As is typical for the peak of hurricane season, the FOX Forecast Center is tracking a robust disturbance moving across the central tropical Atlantic that could develop into a tropical depression as it eyes the northeastern Caribbean islands and Puerto Rico late this week.
The tropical disturbance is centered less than 800 miles east of the northeastern Caribbean islands and is producing a large area of showers and thunderstorms. Satellite observations indicate this shower and storm activity is showing signs of organization after finding a pocket of favorable environmental conditions on Wednesday morning.
This disturbance has been dubbed Invest 96L by the National Hurricane Center. An invest is simply a naming convention used by the NHC to identify an area of weather that it is investigating for possible development into a tropical depression or tropical storm within the next five days.
According to the FOX Forecast Center, upper-level winds are not particularly conducive for additional development, but only a slight increase in this disturbance's organization would result in the formation of a tropical depression as it generally moves westward over the central tropical Atlantic during the next day or so.
The NHC currently gives Invest 96L a high chance of development.
The tropical disturbance is expected to move near or over the northeastern Caribbean islands, including the U.S. Virgin Islands and Puerto Rico, on Friday and Friday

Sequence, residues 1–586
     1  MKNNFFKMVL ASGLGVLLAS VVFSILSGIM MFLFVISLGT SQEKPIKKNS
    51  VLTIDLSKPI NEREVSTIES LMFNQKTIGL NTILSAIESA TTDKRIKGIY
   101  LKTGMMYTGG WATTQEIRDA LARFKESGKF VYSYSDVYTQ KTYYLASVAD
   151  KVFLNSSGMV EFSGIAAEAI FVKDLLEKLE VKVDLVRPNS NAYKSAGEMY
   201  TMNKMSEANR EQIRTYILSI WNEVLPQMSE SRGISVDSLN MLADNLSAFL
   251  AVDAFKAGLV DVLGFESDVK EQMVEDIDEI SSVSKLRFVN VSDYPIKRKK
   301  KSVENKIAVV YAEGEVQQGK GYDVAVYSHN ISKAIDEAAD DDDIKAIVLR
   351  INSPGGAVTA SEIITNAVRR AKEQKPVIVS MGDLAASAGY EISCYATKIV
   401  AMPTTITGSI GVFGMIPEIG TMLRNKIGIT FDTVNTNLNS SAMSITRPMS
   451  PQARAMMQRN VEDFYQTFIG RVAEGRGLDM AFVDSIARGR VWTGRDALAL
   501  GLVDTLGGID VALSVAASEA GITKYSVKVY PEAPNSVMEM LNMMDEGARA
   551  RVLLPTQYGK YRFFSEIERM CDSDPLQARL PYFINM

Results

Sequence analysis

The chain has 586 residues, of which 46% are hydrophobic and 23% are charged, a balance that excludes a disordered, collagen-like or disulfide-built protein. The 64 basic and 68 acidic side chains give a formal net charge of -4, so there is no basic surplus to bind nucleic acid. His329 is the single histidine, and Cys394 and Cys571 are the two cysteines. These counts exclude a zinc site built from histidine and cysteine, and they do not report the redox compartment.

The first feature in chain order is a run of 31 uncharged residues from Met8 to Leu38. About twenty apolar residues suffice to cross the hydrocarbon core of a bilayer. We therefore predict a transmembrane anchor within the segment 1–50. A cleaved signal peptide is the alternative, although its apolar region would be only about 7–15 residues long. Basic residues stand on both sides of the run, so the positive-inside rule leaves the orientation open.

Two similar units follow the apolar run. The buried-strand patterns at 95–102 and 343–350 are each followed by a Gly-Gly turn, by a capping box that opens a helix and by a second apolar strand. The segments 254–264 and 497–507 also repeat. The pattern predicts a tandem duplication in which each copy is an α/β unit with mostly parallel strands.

"What that means is the northern islands of the Lesser Antilles, (including) Puerto Rico, need to be on alert now because we are expecting to see showers and thunderstorms start to increase in that activity, and we could see some pretty strong wind gusts out of these thunderstorms that are again intensifying in these warmer waters of the Atlantic," FOX Weather meteorologist Jane Minar said.
Recent rainfall has saturated the soils in Puerto Rico, so any additional heavy rain from Invest 96L between Friday and Saturday could lead to flooding in urban areas and small streams, as well as trigger mudslides in the archipelago's mountainous terrain.
2022 Atlantic hurricane season off to a slow start
Early to mid-September is the time of the season when sea-surface temperatures are the warmest, upper-level winds relax and drier air is typically not widespread.
Unlike recent active years, dry air has been more dominant than usual across the eastern parts of the Atlantic Basin, which has stunted the organization and development of tropical cyclones.
August ended without seeing a single tropical cyclone in the Atlantic Basin for only the second time in the satellite era.
During an average year, eight named storms and three hurricanes have typically already formed by now, but so far in 2022, the tally stands at only five named storms and two hurricanes.
The next system to organize into a tropical storm with winds of at least 40 mph will be called Fiona.